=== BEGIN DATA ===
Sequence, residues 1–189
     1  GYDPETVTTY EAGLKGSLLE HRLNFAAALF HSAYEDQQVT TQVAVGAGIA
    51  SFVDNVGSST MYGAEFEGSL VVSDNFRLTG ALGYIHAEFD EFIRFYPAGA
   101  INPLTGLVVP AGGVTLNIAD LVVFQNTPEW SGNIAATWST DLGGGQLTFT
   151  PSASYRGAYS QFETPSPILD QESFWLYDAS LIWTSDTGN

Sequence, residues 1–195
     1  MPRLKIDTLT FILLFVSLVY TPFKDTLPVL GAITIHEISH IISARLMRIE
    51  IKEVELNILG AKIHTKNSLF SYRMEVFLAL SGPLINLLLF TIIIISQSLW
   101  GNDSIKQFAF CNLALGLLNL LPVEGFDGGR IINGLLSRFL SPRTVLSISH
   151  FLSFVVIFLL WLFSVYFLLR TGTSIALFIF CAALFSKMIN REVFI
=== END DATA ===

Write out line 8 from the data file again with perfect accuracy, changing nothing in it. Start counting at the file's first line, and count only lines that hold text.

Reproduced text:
    51  IKEVELNILG AKIHTKNSLF SYRMEVFLAL SGPLINLLLF TIIIISQSLW